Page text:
25 October, 2021
Europe’s gas prices surged again over the last week after it was confirmed that Russia would not be increasing gas supplies to continental Europe.
Gas supply in Europe remains incredibly tight as the continent heads into winter. Already low inventory levels are being further depleted.
Now, sitting at over $30/mmbtu, Europe’s gas price is at a record high, having risen over 300% year to date.
What has caused Europe’s gas shortage?
It’s a combination of the strong rebound in economic activity, supply issues and an underinvestment in power infrastructure. Today, grids are growing more and more unstable due to the higher penetration of renewables, and so they are burning more gas.
Even if Russia does decide to supply some additional gas in the foreseeable future, Europe is unlikely to find enough volume from traditional suppliers to fill the deficit quickly – making for an expensive and strained winter period.
The best hopes now lie with a mild northern hemisphere winter.
Flow-on effects in the US
The US gas price has more than doubled over the past year.
Until recently, low gas prices and weak balance sheets have left little incentive to invest in LNG export capacity. So, the US has been a relatively small supplier into the global market.
This is despite the US being home to an abundance of gas resources.
We think US gas production and exports will increase over time due to greater global demand for gas as a transition fuel until grid investment catches up to cope with the increase in renewable generation.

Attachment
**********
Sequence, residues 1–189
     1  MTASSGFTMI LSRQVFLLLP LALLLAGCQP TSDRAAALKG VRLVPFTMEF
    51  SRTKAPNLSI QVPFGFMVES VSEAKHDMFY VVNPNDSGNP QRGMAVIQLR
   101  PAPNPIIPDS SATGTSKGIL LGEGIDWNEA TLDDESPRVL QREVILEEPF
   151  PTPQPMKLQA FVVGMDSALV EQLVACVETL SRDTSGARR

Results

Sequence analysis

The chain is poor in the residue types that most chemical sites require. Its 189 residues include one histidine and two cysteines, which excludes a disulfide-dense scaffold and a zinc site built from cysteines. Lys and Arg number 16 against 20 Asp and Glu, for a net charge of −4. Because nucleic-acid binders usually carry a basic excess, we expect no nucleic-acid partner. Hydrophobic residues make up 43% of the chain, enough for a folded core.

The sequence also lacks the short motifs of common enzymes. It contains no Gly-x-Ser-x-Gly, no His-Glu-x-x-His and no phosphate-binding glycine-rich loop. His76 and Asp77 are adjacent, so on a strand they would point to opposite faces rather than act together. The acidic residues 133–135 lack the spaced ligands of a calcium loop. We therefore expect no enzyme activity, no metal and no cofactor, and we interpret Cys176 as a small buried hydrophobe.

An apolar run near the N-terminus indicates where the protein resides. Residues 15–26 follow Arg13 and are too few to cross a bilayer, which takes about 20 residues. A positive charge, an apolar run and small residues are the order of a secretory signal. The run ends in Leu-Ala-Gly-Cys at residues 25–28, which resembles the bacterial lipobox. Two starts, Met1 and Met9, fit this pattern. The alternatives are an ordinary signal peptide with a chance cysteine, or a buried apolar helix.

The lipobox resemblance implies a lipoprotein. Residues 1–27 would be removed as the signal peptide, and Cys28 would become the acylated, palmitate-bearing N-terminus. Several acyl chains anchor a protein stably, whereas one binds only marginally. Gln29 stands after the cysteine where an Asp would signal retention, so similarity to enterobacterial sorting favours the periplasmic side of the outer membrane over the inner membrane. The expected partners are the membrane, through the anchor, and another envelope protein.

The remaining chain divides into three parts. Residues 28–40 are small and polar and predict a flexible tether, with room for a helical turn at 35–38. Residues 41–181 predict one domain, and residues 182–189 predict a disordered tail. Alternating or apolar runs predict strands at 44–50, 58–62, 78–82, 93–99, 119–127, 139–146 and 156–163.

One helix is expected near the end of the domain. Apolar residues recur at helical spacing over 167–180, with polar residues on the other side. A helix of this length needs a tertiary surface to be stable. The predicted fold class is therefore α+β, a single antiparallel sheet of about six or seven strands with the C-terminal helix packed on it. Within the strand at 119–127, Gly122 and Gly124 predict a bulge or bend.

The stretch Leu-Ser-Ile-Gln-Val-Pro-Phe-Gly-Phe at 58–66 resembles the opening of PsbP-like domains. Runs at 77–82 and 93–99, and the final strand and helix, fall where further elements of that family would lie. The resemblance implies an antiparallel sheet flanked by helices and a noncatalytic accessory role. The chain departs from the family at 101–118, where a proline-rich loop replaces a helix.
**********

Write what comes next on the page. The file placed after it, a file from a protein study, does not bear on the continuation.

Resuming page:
What about consumers?
There is valid argument that this recent gas rally is fuelling the oil rally.
LNG and European gas prices are currently equivalent to over $150 per barrel of oil – versus an oil price of closer to $80 per barrel.
This has led to an uncomfortable shift to burning oil in Asia. This move is unpalatable in Europe. And yet it brings another conundrum in energy markets.
Time will tell if OPEC steps in to increase oil output, but regardless consumers are going to start to feel this.
Using the US as an example of what is going on around the world, half its power is derived from gas. The move in today’s gas and oil prices implies a 40% increase in the cost of filling the tank and a doubling of direct fuel costs for gas power generators and household heating.
All else equal, this equates to a headwind of around $1,600 per household, if passed through to the consumer.
For global equity investors there’s much to consider, and we haven’t even touched on China, where power shortages have seen high energy intensive sectors like steel, aluminium and chemicals experience shutdowns. This is leading to pressure on raw material prices. If shutdowns in China’s industrial sector accelerate, or if power prices continue to rise for industrial users, there will likely be implications for domestic and global economic growth.
So, we have a very real risk of a power crunch across major economies and higher power prices through winter months.
As well as the impact to economic activity, this could have meaningful implications for inflation. Meanwhile, we think there’s many great energy businesses that continue to trade at attractive valuations. Some of these were discussed in a recent podcast episode.
A stock in focus | Coterra Energy
Antipodes global portfolios are overweight Oil and Natural gas in the global portfolios, led by holdings in Exxon Mobil and Coterra Energy.
Coterra, a company formed from the recent merger of Cimarex and Cabot, is the second largest gas focused independent producer in the US, with operations in the prolific Marcellus and Permian basins. The company has a low cash cost, strong balance sheet, and will benefit from the strong prevailing gas prices. It’s also indicated a shareholder friendly dividend model – promising a minimum payout of 50% of free cash flow. Coterra stands in sharp contrast to the rest of the sector which sits with high debt and weak shareholder return programs.